Wind simply isn’t there yet. None of the “renewables” is, yet. As of this moment, if they require government subsidies, they’re all just so much phogiston and perpetual motion machinery, no matter how hopeful they appear.

P@ Dolan

Apologies: “phlogiston”.


I know of 2 small wind farms in southern Alberta that I drive by fairly often and we now have 3 of the stupid turbines out side our city (Medicine Hat). When the wind isn’t blowing, they aren’t turning.

So we are required to put fish screens on water intakes and hydro-electric projects to provide protection for even the smallest of fishes. How about we require screening on wind turbines to protect avian life?
Just kidding, but some body ought to raise the issue with EPA. If a snail darter can stop a dam project, surely the slaughtering of thousands of raptors ought to be cause for some concern? No? Killing in the name of Big Green is ok? Hmmm.


No wind farm with present techknowledgy, is economic over time. They are an eyesore and a bird killer. It’s hard to say it’s not all bad. I would be interested in that discussion.

They are worse than the article suggests, these devices have been around for well over 100 years and today only survive as a subsidised ” new” technology. The only way anyone would put these untested devices so far away from land is government money. A real business would of worked out details in a controlled enviornment, not 100 kms of shore where inspection, repairs and replacement is entirely at the mercy of the weather. Ships can not operate well in high winds and one would hope a windy area is where you would find wind ” farms”. The writer of this article is ass covering because they probably thought it was a reasonable idea at some point.


CMC Writes: –
“Ships can not operate well in high winds and one would hope a windy area is where you would find wind “farms”. ”
+10 to the power 10 to the power 10 [ad infinitum]
A cheap way of servicing things at sea is to use a small boat [‘small’ -<20 metres, 100 metres [>300 feet, yeah, I’m approximating, I’m a seaman] – priced at over USD $20,000 per day (whether the weather allows them to work or not . . . .) whilst they are on charter.
The really big jobs, which can work reasonably in Beaufort 7 (near gale) or Beaufort 8 (Gale) will set you pack nearer $100,000 US for every 24 hours – and even with these, approaching too close to a bird chopper is dangerous, as if their control falters, or the wind gusts badly, we are suddenly minus a bird chopper, but plus a fish reef.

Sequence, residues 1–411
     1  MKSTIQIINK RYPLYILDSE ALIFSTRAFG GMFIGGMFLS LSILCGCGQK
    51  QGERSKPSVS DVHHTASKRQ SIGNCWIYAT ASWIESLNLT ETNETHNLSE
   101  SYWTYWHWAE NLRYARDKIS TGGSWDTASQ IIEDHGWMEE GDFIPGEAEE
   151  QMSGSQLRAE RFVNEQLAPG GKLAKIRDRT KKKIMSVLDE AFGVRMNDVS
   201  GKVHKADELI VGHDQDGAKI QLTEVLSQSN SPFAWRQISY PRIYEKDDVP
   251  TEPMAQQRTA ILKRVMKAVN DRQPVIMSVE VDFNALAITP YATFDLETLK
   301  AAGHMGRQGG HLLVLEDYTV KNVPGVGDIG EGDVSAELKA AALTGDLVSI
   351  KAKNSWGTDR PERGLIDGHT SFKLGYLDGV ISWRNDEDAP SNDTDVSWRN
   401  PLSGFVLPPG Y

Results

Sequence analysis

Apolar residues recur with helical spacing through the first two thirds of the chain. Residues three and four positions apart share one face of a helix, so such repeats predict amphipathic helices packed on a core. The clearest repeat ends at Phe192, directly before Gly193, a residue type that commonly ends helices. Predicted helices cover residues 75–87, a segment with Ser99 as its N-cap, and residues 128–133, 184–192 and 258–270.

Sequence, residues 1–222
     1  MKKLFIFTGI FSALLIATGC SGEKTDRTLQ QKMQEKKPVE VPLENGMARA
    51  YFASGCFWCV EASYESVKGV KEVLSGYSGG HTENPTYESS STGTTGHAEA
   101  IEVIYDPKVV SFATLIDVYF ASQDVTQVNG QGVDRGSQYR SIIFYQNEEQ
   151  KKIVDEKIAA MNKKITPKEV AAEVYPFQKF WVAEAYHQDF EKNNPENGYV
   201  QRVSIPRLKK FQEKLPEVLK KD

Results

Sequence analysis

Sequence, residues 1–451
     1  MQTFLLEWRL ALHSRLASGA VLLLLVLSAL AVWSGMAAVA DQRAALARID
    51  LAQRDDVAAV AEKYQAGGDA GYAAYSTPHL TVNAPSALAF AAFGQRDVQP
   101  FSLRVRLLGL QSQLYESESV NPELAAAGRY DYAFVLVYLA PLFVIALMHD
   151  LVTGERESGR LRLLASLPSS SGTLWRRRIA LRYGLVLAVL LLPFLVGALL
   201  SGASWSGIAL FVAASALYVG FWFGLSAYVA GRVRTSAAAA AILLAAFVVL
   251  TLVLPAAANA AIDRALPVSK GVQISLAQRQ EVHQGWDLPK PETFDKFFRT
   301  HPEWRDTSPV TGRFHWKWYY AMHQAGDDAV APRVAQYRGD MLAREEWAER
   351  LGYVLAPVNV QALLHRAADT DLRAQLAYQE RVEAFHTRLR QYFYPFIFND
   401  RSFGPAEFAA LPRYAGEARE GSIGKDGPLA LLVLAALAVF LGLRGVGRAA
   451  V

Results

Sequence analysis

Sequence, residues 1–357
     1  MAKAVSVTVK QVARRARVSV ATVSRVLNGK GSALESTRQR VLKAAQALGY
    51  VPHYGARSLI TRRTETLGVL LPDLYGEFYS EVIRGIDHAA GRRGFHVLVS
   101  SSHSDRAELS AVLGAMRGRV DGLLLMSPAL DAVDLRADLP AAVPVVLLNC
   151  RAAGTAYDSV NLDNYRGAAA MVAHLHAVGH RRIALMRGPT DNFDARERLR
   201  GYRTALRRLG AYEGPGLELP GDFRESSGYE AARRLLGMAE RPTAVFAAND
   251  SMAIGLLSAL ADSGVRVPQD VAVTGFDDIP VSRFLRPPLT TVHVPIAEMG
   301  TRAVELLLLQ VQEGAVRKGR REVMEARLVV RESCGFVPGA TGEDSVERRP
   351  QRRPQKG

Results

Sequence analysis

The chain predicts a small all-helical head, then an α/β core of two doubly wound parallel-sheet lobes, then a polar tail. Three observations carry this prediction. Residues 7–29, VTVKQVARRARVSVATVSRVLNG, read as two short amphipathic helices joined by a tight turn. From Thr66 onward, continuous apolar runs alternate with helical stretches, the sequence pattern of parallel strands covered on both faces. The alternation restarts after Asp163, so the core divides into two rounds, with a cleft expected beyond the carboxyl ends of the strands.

It was nudged by 50,000 tonnes moving at >1 m/s.
Nuff said.


As a retired mechanical engineer who spent a goodly chunk of what is laughingly called a ‘career’ trying to maintain production machinery inside a nice warm building, firmly on land, and frequently failing, I wouldn’t touch the maintenance problems associated with offshore wind farms with the proverbial disinfected bargepole…


Right. I’ve said it before, pinwheels on land are stupid enough (and those w/easy access). Putting them offshore is stupid squared.


actually, it depends upon how close to the coast, not just offshore or onshore. we’ve got a few bird blenders down in this region. galvanizing and stainless steel last longer than iron but you’d be amazed at how poorly these perform over just a few years even further from the coast than the local wind farms. It’s amazing they have been able to break even with the subsidies. Without the subsidies, I don’t think they can produce enough income to actually cover maintenance costs.

High time to end this suicide enterprise!


High time to end the subsidies, at least. If it’s going to work, it’s time it stood on its own.



Agreed totally!

Uncle Gus

I find nothing to gloat about in the discovery that a (supposedly) cheap, clean and easy power source turns out to be unfeasible.
Getting a little tribal here, maybe?

Ed Barbar

I agree with the point. However, the impetus for the project (purportedly on account of closing nuclear power plants) does deserve contempt. There is a cheap power source in nuclear, but for some reason that’s not good enough. And it’s not on account of safety.


The Germans decided to close their nuclear power stations after seeing the results of the tsunami in Japan. You can’t be too careful even when your country is nowhere near an earthquake zone.


September 13, 2014 at 6:49 am
“The Germans decided to close their nuclear power stations after seeing the results of the tsunami in Japan. You can’t be too careful even when your country is nowhere near an earthquake zone.”
Well of course sabotage of a German nuclear power plant wouldn’t use a Tsunami.

Uncle Gus
You say

I find nothing to gloat about in the discovery that a (supposedly) cheap, clean and easy power source turns out to be unfeasible.